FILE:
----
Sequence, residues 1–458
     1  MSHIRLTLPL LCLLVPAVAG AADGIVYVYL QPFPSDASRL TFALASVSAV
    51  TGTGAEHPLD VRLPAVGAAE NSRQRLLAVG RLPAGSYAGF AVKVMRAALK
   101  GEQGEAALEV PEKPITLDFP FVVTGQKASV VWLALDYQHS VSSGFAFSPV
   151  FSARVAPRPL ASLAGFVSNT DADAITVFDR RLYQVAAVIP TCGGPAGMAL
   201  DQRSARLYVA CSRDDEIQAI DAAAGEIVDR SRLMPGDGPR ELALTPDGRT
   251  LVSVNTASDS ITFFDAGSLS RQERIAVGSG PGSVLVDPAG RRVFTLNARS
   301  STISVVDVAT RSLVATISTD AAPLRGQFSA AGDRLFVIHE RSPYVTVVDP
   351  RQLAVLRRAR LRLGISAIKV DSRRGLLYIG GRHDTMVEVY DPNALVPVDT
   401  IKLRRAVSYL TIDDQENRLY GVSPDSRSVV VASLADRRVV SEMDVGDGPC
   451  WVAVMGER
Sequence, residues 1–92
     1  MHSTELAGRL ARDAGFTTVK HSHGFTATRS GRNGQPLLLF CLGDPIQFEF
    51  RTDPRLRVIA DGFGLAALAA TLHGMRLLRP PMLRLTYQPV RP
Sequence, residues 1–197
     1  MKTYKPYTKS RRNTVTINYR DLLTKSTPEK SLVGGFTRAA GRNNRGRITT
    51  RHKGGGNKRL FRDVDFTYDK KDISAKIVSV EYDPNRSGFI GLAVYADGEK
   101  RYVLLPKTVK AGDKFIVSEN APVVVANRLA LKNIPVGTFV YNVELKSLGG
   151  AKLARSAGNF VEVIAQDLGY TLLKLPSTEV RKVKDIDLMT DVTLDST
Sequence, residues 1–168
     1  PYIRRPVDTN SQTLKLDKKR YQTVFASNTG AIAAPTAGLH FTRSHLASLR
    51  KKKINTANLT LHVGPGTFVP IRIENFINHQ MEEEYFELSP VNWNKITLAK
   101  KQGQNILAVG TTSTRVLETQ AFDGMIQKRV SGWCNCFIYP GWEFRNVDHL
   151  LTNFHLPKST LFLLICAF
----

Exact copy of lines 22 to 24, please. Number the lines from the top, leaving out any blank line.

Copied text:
    51  KKKINTANLT LHVGPGTFVP IRIENFINHQ MEEEYFELSP VNWNKITLAK
   101  KQGQNILAVG TTSTRVLETQ AFDGMIQKRV SGWCNCFIYP GWEFRNVDHL
   151  LTNFHLPKST LFLLICAF